Using census data, Rusks report showed that York County´s poor and minority residents were increasingly isolated in the city of York. While the metropolitan York area has one of the America´s lowest poverty rates, the city of York has one of the nation´s highest.
But the City of York is not the only loser, Rusk reported. The older suburbs adjacent to the city, now fully developed, are also declining.
"There are two iron laws of suburban sprawl," Rusk says. "First, the new beats out the old. Developing townships are always better off financially than older ones. Second, todays winners may become tomorrows losers. Once a township becomes fully developed, it gradually begins losing its wealthier residents and its tax base to developing townships further out on the fringe."
Meanwhile, because of development at ever-lower densities, York County lost 30 percent of its farmland between 1960 and 1992.
Rusk recommended that York County should adopt Lancaster Countys system of growth boundaries; promote the dispersal of affordable housing to lessen the concentration of the poor in York City; and seek legislation that would require local municipalities to share taxes, helping those with a declining tax base.
In the wake of the Rusk Report, people are thinking of York more as a region and less as a collection of separate fiefdoms, said Dennis Hetzel, editor and publisher of the Daily Record. "Were doing stories every week where we see elected officials starting to think on a regional basis for things like fire service or merging police forces."
Better York called a meeting of supervisors from the inner ring townships around York to confer with Rusk. "At the end," recalls businessman Tom Wolf, president of Better York, "one supervisor got up and said: "We know what the problem is. What we need is joint action, up to and including growth boundaries."
The next year will determine whether that can happen. In September, the York County commissioners adopted a new comprehensive plan calling for a large growth boundary around the City of York and its inner ring suburbs, and smaller boundaries around towns like Hanover, Dillsburg and Shrewsbury-New Freedom. Now the county must seek the cooperation of a score of municipalities to implement them.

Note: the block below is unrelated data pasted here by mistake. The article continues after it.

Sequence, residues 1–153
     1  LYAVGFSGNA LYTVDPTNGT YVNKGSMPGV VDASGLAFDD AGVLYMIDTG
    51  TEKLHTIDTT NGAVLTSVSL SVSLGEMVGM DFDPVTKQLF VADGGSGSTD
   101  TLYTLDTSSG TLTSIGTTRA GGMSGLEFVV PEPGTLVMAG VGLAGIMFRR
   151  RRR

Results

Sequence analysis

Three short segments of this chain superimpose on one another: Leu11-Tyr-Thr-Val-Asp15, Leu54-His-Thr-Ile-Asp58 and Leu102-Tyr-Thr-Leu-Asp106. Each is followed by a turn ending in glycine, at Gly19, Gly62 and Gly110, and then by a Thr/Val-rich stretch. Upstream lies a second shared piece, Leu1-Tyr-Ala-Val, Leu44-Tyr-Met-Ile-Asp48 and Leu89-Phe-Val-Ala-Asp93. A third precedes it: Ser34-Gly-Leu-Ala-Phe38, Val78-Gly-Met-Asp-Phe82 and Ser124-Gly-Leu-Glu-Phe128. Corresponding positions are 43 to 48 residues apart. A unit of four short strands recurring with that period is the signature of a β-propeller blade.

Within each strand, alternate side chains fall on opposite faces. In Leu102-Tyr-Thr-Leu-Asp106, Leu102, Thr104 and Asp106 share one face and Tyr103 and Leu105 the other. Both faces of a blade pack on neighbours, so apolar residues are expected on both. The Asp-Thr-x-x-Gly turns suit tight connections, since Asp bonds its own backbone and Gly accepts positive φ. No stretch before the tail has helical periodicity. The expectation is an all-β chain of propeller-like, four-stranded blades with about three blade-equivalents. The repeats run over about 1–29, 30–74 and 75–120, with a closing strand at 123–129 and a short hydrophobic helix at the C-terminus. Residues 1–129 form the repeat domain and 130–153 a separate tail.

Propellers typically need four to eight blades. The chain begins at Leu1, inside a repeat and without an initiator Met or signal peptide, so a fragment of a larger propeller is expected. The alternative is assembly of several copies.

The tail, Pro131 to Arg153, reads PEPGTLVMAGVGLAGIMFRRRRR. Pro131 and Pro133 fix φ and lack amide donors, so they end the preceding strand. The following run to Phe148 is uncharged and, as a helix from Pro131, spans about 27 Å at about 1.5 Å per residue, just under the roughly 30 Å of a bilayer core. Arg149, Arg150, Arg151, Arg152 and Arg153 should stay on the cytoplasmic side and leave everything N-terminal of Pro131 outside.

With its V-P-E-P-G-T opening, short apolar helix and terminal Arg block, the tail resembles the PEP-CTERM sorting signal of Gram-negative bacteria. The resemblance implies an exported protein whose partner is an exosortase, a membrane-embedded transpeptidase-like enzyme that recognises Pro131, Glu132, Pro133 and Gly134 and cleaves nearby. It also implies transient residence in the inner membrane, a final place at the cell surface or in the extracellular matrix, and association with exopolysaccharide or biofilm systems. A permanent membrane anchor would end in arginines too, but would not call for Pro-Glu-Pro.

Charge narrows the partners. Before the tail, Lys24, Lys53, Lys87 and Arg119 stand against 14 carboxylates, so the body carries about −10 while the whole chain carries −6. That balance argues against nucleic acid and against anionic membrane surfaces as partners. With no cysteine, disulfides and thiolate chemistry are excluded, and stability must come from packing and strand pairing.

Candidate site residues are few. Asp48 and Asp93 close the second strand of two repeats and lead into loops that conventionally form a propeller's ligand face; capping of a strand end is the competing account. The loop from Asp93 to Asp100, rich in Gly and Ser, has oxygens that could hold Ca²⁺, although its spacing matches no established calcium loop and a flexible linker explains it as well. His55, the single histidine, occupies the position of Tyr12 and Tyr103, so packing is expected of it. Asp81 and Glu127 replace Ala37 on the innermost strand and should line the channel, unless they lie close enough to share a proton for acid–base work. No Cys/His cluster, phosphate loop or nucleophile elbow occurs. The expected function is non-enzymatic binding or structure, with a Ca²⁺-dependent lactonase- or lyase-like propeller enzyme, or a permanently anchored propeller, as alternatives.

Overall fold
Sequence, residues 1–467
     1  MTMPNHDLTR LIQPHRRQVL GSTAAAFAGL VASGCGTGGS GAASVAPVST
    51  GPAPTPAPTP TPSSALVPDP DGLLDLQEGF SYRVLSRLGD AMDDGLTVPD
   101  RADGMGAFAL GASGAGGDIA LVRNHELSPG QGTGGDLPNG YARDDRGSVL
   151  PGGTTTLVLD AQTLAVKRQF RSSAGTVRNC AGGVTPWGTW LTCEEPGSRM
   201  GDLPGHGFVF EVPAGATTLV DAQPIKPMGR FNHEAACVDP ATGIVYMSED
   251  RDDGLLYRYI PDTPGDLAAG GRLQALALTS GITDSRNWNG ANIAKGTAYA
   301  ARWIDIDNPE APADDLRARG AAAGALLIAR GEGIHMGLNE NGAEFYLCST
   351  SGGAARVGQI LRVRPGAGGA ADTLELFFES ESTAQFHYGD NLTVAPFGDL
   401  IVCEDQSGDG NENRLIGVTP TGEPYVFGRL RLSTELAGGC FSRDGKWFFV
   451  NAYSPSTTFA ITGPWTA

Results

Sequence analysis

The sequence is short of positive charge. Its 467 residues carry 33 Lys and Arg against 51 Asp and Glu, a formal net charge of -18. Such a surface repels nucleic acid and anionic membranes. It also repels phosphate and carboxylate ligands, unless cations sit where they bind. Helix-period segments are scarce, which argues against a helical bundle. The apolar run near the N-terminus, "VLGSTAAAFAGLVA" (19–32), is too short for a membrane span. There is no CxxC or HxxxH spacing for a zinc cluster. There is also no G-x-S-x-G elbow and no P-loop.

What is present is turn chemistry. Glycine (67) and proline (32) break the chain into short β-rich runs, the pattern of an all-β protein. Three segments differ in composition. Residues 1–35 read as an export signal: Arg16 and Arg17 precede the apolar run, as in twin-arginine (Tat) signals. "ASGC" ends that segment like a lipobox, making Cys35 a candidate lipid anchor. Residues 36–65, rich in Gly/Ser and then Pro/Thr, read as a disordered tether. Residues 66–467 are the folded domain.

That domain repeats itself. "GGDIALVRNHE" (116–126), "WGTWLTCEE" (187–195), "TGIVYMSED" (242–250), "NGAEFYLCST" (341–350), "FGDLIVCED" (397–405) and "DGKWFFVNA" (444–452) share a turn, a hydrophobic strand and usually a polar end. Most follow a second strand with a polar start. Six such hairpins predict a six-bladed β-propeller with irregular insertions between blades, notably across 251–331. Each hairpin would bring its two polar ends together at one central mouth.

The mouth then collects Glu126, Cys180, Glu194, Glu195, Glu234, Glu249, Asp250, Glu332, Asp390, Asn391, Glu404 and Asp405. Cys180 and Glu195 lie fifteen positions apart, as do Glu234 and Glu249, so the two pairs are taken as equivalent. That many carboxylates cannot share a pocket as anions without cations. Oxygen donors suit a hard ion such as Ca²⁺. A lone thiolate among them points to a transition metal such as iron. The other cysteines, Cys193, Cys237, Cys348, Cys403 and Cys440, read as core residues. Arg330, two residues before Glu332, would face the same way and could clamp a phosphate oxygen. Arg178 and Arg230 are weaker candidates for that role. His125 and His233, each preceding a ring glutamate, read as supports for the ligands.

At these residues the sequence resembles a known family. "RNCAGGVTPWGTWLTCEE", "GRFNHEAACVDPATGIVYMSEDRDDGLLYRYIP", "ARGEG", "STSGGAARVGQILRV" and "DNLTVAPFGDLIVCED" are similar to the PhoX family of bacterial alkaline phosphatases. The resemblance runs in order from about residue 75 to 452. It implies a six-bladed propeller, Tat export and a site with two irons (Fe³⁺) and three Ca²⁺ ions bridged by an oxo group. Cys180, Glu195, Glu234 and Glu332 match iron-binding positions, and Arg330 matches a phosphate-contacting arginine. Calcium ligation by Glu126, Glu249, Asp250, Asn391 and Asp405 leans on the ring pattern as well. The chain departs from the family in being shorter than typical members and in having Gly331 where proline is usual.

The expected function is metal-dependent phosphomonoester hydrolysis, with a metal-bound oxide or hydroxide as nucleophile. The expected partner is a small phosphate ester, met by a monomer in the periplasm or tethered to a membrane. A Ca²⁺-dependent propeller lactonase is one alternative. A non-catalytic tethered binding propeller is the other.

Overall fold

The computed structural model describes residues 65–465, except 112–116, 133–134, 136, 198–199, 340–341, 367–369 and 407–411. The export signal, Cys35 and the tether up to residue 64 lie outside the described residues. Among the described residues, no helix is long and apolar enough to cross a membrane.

Rusk´s report will be updated and reprinted this November in the Daily Record. To go with it, Better York has sponsored a countywide public opinion survey and focus groups to gauge public attitudes about what people want York County to look like in the future. "We hope the results of the survey will help stiffen some political spines," Hetzel said.
While York County pursues what Rusk calls "the inside game" -- things like cooperative agreements the county and local municipalities can do under current law -- Better York is also pursuing "the outside game": changes in state law and state policies needed to save cities and farmland.
"Through a series of business contacts we are trying to get Pennsylvania cities together to promote a legislative agenda to curb sprawl." says Charles Bacas, a consultant who is promoting a statewide alliance of mid-sized cities on behalf of Better York.
What would that legislation entail? Besides growth boundaries, tax sharing legislation would help reduce the disparities between wealthy municipalities and poor ones. The Lehigh Valley Partnership, for example, has proposed a regional tax for Lehigh and Northampton counties such as a 1% sales tax that could be used in part to assist poorer municipalities. The Partnership also wants more effective state policies to reuse vacant lands in cities like Allentown and Bethlehem.
"I think what happened in Pennsylvania is that the mountain moved a little bit in 1997," said Hetzel of the Daily Record. "I attended a focus group where people talked about the future of York County. They all articulated a vision of continued urban sprawl, and none of them liked it. So I think there´s a significant segment of the public that´s ahead of the politicians and willing to consider alternatives to sprawl if they can be shown how to do it."
Saving our farmland depends on saving our cities. Quality of life is attained on a regional basis, not the local municipal level. Throughout Pennsylvania, people from the city, the suburbs and rural areas are beginning to feel a sense of mutual destiny and shared community.